For Adults Only

Radical Revisions of the Spiritual Life

Beloved, gaze in thine own heart," Yeats advised. "The holy tree is growing there." Yet many seekers of spiritual growth seem—as another poet, Pamela Sneed, would say—more afraid of freedom than of slavery. We yield our power to glamorous, sometimes unscrupulous authority figures or invest big bucks in the promise of Enlightenment Made Easy or search for a spiritual family to lavish us with the love we desperately crave. Now controversial authors Mariana Caplan, Andrew Harvey, and Alan Clements reveal their own longings and crises of the soul while challenging Americans to wake up and grow up.

Mariana Caplan first lit into the pacifying certainties of new-age America in Halfway Up the Mountain: The Error of Premature Claims to Enlightenment(Hohm Press, 1999), an angry, unsparing dissection of self-deception among spiritual teachers and explorers. Today the anthropologist, counselor, and self-described escapee from "the middle-class deadness of Rockville, Maryland" admits that she herself has stumbled upon nearly every misstep along the spiritual path, all colorfully related in her new Do You Need a Guru?: Understanding the Student-Teacher Relationship in an Era of False Prophets.Part memoir, part didactic guide, Do You Need a Guru? displays a warmer, seeker-friendly Caplan tempered by humor often wielded at her own expense. This willful, hardheaded Westerner finally found her perfect guru match in Lee Lozowick—a Jewish New Jerseyite in the company of India's Yogi Ramsuratkumar. With scandals of sexual predation and greed undermining public trust in most religious figures, Caplan now says she aims to make seekers savvier consumers. During an informal talk at Sufi Books, a Tribeca center welcoming speakers from a panoply of mystical traditions, she detailed her strategy for "conscious discipleship."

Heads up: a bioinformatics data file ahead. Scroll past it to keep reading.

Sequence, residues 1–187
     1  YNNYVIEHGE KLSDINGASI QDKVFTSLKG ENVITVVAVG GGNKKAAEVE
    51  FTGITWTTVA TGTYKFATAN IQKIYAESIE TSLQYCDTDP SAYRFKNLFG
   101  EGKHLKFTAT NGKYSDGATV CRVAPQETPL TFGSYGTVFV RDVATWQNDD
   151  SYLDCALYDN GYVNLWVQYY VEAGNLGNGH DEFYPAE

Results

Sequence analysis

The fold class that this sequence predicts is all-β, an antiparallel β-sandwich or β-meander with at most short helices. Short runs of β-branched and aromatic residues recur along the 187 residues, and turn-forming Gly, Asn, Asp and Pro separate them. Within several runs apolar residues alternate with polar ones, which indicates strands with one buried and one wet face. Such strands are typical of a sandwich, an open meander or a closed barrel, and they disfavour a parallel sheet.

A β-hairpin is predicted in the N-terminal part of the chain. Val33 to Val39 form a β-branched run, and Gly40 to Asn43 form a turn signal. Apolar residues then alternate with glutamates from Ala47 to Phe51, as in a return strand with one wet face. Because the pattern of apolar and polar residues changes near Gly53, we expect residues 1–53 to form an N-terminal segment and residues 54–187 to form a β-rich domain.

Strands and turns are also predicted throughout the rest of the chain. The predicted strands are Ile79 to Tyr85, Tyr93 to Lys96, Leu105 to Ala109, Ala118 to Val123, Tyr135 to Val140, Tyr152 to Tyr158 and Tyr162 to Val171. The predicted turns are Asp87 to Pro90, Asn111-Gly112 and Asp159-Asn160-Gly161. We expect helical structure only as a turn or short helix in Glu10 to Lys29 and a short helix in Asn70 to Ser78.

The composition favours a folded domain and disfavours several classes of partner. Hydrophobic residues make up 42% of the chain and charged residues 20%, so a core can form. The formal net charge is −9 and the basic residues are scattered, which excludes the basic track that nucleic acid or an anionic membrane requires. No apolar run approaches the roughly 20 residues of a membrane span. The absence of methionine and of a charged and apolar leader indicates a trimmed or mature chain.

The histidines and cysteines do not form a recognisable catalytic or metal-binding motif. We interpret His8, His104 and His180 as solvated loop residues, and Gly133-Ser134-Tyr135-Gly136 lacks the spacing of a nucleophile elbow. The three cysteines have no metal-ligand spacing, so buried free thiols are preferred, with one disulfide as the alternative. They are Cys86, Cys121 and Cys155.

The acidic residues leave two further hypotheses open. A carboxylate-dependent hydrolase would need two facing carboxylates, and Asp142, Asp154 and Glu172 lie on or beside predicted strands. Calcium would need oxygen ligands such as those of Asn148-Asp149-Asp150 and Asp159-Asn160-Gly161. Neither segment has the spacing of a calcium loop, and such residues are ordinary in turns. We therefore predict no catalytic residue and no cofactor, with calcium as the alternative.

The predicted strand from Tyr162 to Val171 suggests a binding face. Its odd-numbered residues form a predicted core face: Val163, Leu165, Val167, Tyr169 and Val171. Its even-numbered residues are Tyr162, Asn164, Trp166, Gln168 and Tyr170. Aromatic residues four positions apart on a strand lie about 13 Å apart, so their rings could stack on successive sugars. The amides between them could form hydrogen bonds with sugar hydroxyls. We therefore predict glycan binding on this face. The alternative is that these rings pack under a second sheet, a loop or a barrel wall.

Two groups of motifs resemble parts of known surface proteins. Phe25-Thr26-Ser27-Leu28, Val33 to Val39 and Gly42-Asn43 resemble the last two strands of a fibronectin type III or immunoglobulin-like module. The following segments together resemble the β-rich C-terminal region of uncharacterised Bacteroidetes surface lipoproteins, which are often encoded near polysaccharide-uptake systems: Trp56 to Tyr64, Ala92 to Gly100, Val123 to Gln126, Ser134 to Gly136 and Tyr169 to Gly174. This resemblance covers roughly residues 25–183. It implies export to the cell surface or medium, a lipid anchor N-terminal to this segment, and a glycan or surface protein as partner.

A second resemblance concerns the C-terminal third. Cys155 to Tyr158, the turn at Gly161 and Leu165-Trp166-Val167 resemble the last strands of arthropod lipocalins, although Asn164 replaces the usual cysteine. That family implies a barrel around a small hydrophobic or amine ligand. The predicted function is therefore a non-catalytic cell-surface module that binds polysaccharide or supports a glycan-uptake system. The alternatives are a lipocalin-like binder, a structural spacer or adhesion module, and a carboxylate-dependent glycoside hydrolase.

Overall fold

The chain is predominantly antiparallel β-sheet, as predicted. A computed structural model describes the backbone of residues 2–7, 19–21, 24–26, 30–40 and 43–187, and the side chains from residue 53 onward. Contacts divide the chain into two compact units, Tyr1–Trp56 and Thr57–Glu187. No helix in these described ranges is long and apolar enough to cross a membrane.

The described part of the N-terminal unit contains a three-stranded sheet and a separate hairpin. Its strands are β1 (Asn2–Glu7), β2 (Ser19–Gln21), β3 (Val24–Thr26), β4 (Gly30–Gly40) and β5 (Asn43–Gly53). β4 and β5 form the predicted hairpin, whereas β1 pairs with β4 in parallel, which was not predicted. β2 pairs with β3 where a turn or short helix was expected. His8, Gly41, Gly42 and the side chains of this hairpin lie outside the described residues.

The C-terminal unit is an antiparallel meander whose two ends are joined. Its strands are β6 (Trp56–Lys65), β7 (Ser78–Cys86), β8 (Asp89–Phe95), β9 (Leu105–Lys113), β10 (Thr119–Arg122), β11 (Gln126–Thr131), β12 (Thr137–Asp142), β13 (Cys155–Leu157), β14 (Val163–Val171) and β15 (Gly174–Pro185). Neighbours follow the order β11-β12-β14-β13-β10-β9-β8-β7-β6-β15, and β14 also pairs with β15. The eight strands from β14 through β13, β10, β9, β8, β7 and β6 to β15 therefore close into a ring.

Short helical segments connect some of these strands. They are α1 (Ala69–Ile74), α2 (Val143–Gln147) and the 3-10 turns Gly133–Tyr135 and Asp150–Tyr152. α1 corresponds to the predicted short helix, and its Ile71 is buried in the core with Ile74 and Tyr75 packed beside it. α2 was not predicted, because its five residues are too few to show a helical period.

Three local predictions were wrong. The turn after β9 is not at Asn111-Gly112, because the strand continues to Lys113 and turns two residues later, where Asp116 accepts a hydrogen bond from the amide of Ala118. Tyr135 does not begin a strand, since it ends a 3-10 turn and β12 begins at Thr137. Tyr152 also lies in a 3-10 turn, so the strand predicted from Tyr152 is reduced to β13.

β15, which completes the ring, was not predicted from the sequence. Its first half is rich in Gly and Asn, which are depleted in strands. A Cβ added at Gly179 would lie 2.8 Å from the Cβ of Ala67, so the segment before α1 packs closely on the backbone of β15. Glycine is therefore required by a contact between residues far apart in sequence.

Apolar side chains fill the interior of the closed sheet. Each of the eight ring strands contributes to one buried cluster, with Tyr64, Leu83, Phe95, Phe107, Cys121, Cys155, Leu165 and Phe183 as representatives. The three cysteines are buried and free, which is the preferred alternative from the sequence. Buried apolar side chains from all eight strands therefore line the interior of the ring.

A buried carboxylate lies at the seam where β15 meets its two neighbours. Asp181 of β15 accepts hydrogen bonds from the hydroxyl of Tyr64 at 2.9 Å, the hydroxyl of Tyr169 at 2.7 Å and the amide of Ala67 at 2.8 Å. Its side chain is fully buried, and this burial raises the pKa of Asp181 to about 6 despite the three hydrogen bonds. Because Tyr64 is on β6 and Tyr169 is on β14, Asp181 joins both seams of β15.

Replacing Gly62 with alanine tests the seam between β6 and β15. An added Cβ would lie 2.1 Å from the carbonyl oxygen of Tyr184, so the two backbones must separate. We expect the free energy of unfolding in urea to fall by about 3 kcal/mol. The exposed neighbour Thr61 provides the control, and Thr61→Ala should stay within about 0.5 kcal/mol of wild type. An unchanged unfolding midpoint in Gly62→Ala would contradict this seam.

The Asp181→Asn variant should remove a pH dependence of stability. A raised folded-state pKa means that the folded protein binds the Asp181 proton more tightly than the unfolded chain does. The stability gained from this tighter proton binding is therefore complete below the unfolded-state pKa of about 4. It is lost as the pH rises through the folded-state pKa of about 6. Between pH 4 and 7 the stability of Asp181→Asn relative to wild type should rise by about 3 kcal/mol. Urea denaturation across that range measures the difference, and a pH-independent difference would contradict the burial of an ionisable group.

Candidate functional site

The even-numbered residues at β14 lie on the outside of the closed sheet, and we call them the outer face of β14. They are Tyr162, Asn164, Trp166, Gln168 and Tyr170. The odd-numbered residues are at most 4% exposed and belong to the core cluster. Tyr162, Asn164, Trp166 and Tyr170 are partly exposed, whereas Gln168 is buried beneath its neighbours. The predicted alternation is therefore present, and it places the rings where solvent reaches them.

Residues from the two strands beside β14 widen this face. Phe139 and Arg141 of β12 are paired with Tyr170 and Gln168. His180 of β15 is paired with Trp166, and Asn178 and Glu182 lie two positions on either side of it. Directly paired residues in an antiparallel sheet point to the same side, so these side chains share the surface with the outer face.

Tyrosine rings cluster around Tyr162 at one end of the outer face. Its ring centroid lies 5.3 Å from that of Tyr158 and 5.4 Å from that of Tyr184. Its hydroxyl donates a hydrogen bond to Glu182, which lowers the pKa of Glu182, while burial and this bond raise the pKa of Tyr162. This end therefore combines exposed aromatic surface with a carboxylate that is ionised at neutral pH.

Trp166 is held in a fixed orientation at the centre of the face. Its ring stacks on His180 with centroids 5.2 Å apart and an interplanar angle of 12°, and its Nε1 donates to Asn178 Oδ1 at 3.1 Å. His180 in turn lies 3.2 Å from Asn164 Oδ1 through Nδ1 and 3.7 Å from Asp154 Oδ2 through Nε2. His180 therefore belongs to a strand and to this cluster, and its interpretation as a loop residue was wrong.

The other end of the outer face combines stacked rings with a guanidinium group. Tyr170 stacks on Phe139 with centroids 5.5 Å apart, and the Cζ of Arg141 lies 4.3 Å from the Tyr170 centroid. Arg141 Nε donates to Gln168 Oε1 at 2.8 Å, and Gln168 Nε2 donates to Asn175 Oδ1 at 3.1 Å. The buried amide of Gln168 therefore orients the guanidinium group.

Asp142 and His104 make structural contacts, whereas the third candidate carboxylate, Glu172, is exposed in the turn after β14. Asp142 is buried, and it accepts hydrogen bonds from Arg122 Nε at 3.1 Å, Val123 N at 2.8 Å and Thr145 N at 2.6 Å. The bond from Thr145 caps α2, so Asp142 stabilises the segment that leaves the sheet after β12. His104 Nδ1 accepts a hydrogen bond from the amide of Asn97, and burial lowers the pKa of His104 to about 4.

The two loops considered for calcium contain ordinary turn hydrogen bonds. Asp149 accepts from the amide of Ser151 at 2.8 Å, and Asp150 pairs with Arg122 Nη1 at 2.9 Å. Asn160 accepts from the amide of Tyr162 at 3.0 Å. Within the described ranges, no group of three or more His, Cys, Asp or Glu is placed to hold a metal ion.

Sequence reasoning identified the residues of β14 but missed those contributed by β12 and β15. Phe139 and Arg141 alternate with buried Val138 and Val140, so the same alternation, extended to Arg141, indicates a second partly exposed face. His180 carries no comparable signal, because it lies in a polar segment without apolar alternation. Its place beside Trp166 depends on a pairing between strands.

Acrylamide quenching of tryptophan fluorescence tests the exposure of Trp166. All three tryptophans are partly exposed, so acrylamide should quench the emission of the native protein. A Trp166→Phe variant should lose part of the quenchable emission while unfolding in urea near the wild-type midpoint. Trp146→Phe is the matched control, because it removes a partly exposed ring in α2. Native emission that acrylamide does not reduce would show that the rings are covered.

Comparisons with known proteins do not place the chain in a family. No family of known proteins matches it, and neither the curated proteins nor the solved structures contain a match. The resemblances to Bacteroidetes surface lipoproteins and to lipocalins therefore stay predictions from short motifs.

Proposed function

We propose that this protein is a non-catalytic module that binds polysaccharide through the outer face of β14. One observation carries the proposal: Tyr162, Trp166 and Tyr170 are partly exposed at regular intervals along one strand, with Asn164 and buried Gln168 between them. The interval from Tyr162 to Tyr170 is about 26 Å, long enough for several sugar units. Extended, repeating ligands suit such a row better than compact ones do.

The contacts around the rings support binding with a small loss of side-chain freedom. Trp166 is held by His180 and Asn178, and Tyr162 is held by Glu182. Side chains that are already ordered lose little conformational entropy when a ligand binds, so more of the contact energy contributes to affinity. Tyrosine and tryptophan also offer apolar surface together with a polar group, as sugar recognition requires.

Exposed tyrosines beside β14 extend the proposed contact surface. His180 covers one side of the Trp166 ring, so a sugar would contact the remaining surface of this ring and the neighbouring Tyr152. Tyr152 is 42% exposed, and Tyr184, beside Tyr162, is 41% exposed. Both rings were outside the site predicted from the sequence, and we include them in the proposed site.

Fluffy new-age marketeering and superficial rhetoric take seekers only so far, Caplan maintains. "We have a tremendous possibility for the development of a spiritual culture of integrity in the West," she said. "But in this age of fast food and Disney World, spiritual warriors need practicality, deep skepticism, and a willingness to struggle."

The conscious disciple, Caplan asserts, must engage in a grounded spiritual practice and address his or her personal psychological issues with ruthless honesty. The right guru provides an objective eye, a role model, a crucial mooring, and an uncompromising challenge. The "just folks" approach of her book tour appearances may not prepare readers for the density of Do You Need a Guru?, which manages to entertain while proffering a teacherly analysis of spiritual maturation that even people who avoid gurus might find valuable.

While Caplan upholds the guru system, Andrew Harvey rails against it. And with good reason. It nearly cost him his life. In The Sun at Midnight: A Memoir of the Dark Night, the renowned scholar, poet, and author of numerous books on mysticism openly details what his rich, upbeat self-help guide, The Direct Path (2001), only hints at—a personal experience of horror.